• trader market showed little revenue or growth potential in the early 1990s. At the time, traders whowanted to make many transactions within short periods of time could only do so by holding a seaton the Board of Exchange. With a limited number of seats—and a seat price that exceeded theannual incomes of most people—it is not surprising that this segment appeared relatively smallfrom a revenue-producing perspective. As a result, companies were discouraged from makinginvestments in it. However, if companies such as Merrill Lynch had studied the market from an outcome-driven perspective, they would have seen a very different picture. They would have found that agood number of people who wanted to make trades wanted to increase the number of trades thatcould be made per day, minimize the time it took to complete a trade, and minimize the cost ofmaking a trade—and had little need for support and service. Using outcome-based segmentation,managers would have had a very accurate estimate of how many people found those outcomes tobe both important and unsatisfied. The percentage of people in this segment and the size of themarket would then have been defined. The reality is, the segment already existed; people weresimply waiting for a solution that would satisfy their underserved outcomes and make day tradingfeasible. When that solution appeared, people were quick to act, generating revenues forcompanies such as E*Trade and thus establishing the day-trader market from a traditional,financial perspective.Job-based SegmentationWhile outcome-based segmentation is useful for discovering segments of opportunity in aspecific market of interest, job-based segmentation lets companies discover entirely new marketsby revealing a job or a group of jobs that are underserved. Job-based segmentation involves thesame steps as outcome-based segmentation, but job-based segmentation uses jobs, not outcomes,as the bases for segmentation. So how do companies find new markets of interest? Individuals and businesses perform avariety of jobs on a daily basis. The question arises, “What jobs are people trying to get donetoday that they are unable to get done satisfactorily given the products and services that arecurrently available?” When a company identifies a job or a group of jobs that are underserved,they may have discovered a new market that is worthy of pursuit. When Microsoft, for example, recently wanted to figure out what other software,hardware, and service-related markets to pursue, it canvassed PC users to uncover all the jobsthey were trying to get done. Then, through quantitative research, Microsoft determined whichjobs were important and underserved. Those with high opportunity scores were potentiallyCopyright 2005, Anthony W. Ulwick 12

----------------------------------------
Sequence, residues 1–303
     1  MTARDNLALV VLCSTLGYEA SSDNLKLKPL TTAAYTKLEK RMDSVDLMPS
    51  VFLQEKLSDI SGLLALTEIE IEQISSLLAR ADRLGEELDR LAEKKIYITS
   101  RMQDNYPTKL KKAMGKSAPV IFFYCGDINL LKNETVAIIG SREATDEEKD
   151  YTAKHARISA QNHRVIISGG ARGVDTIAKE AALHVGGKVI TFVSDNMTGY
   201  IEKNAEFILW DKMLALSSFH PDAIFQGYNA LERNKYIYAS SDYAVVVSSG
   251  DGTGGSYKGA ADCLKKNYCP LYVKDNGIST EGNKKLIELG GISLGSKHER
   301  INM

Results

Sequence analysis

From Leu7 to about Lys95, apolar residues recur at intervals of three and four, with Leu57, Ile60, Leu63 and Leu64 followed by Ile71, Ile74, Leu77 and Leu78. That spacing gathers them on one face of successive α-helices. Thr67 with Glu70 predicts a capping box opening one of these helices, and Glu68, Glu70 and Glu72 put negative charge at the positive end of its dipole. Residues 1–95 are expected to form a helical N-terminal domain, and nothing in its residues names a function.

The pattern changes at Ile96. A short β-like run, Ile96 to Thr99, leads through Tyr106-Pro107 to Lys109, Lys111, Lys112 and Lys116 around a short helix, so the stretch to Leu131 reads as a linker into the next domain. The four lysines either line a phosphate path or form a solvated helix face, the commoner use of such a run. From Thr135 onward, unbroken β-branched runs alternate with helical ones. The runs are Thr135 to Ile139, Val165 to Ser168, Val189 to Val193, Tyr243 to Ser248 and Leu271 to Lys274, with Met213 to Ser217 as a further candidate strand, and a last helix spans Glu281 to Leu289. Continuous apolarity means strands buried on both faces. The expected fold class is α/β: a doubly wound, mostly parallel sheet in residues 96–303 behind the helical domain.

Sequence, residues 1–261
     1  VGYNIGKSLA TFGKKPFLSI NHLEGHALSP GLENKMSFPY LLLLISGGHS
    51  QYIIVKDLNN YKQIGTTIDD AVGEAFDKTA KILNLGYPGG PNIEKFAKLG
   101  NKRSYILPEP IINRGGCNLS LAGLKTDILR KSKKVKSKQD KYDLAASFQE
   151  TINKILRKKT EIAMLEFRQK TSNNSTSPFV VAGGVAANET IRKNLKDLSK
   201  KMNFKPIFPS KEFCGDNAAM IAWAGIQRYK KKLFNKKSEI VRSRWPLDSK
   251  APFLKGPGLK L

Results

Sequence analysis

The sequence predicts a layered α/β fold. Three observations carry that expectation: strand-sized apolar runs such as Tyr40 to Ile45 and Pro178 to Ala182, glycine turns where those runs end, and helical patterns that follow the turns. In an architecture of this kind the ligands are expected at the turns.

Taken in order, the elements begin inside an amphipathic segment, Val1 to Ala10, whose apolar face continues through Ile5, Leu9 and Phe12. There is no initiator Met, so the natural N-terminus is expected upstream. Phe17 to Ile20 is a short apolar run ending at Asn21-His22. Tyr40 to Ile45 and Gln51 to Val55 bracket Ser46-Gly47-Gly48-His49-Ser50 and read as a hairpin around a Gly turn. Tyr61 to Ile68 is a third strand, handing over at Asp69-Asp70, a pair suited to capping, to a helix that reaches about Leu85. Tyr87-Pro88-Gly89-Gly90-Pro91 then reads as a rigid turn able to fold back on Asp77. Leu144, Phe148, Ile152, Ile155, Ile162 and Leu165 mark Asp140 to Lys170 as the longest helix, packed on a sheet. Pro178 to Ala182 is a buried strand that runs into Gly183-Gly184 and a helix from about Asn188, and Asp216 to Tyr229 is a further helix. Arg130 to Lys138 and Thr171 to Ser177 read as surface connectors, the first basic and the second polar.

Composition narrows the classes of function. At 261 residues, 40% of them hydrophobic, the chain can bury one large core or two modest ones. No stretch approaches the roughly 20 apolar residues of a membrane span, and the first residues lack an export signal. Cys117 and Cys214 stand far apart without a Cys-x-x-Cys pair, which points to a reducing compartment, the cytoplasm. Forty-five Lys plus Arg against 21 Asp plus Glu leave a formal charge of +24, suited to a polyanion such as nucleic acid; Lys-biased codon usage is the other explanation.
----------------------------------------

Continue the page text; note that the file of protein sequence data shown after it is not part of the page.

• attractive market opportunities. Once the company decided which of those markets to pursue, itobtained the customers’ desired outcomes for each job of interest in a second round of research. Itthen determined which outcomes were important and unsatisfied, so it knew precisely wherepeople were struggling when trying to get the job done. Through this combination of researchefforts it uncovered new markets and the underserved outcomes in each—and a road map forinnovation and growth.Making the Transition Elevating marketing theory from the use of convenient demographic or psychographicclassifications or traditional “needs-based” or "roles-based" segments to one that is based uponwhat customers want to achieve when using a product or service, is a critical prerequisite forhelping firms to break free of the apparent randomness of successful new product introductions.Dissecting the customer’s value model and understanding which outcomes representopportunities to different segments of the market goes a long way to bringing discipline andpredictability to the often elusive process of innovation.Copyright 2005, Anthony W. Ulwick 13